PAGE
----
Critical, sarcastic, restless, innovative and revo-lutionary, Juan O’Gorman (Mexico City, 1905-1982) is one of the most representative creators of the Mexican scene of the 20th century and one of the most well rounded.
He was an architect, painter and muralist. His grandmother was the first to grant him a wall to fill with children’s drawings, which eventually gave way to his first murals that he left in three pulque bars: Los Fifís, Mi oficina and Entre violetas.
In those years he also designed his own studio house (1929), considered the first functionalist house in Latin America. This property —where he never lived— was followed by the emblematic House of Diego Rivera and Frida Kahlo (1931–1932); both were inspired by Le Corbusier postulates, which promulgate the idea that utilitarian function must be the inspiration of form.
In 1949 he began the colored stone mosaic of the Central Library of Ciudad Universitaria (UNAM), considered one of the most important works not only of the campus, but also of Mexico.
He spent a lot of time and toured many states collecting the pieces that make up the four thousand square meters covered with natural stones, of ten thousand colors, which represented a key piece for UNAM’s central campus to be distinguished with the title of Cultural Heritage of Humanity by UNESCO.
Lorena Ochoa (Guadalajara, Jalisco, 1981) is the best Mexican golfer of all time. When she was only five she learned to hold the club and hit the ball, and at seven she had already won her first national title.
Thus began a career that has earned her 129 titles at state, national and international level; more than 27 of them obtained at the Ladies Professional Golf Association (LPGA). She reached the top of the world raking in 2007 and remained there for 158 consecutive weeks.Her career has been compared to that of legendary figures including Tiger Woods and Nancy López.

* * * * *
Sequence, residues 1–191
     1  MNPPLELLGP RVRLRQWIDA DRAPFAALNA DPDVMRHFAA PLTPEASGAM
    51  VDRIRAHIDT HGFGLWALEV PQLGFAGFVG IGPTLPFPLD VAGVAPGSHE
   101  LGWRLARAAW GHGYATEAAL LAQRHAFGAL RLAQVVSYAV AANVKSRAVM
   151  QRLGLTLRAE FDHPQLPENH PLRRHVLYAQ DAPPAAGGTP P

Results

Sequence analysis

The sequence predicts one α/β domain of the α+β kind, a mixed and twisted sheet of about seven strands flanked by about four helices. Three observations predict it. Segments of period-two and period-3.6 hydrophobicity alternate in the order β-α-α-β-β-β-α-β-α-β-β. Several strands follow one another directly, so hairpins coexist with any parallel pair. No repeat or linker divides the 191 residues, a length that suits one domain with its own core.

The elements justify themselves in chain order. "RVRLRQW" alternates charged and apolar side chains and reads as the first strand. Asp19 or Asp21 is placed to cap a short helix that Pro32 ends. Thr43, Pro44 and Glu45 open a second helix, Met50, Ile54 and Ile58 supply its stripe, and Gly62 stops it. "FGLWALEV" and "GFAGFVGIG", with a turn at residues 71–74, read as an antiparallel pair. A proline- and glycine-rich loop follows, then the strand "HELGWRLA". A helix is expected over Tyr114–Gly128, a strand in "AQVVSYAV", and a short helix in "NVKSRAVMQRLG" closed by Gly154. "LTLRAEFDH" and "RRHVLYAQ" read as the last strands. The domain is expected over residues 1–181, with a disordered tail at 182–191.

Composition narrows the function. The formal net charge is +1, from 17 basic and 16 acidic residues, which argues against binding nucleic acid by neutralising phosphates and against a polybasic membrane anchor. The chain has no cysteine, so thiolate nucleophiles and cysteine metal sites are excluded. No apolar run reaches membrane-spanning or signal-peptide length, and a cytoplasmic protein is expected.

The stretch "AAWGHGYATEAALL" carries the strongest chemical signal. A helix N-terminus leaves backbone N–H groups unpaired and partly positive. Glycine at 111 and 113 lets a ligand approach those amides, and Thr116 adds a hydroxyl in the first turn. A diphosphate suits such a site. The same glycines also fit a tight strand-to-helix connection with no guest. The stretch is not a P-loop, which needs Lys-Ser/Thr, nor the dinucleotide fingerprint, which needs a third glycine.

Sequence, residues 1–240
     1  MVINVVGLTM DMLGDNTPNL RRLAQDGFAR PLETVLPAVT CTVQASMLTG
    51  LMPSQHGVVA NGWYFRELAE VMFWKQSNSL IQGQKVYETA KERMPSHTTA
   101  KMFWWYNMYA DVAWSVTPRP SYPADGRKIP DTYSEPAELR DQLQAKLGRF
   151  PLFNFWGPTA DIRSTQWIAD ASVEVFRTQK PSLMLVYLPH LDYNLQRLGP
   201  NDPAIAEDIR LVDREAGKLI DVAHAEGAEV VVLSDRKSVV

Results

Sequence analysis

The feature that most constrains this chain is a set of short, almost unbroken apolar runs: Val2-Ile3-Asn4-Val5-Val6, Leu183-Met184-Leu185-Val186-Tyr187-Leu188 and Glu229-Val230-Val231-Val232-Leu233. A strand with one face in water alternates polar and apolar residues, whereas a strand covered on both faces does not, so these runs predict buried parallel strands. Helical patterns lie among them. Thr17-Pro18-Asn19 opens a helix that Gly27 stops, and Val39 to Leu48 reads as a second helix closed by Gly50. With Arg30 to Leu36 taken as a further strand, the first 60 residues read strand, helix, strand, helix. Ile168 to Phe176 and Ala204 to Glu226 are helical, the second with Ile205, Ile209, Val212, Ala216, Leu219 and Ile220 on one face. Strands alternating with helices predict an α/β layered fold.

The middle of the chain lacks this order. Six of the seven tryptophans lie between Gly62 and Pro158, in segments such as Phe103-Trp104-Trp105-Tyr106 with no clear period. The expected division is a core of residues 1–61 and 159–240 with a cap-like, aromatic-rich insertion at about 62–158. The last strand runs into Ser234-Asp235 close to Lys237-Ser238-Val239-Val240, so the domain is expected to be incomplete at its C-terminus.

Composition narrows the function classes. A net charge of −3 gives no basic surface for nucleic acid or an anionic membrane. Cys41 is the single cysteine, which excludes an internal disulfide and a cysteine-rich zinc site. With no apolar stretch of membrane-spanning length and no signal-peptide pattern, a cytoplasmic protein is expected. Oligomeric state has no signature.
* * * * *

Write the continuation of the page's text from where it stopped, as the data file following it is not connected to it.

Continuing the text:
She received the National Sports Award for three consecutive years, from 2004 to 2007, and the ESPY Award for Best International Athlete in 2008. That same year she was included in the list of the World’s Most Powerful People by Forbes magazine and Times magazine placed her among the 100 most influential personalities in the world.
In 2017, she became the first Mexican, the first Latin American and one of the youngest women golfers to be distinguished as a member of the International Golf Hall of Fame.
Yoshua Okón (Mexico City, 1970) defines his artistic production as “a series of near-sociological experiments executed for the camera, blending staged situations, documentation and improvisation, and questioning the perceptions of reality and truth, individuality and morality”.
Harsh and irreverent, he takes advantage of art as an opportunity to create a critique that bothers the viewer and breaks the state of passive consumption, leading to reflections on issues such as migration, racism, slavery, globalization and power.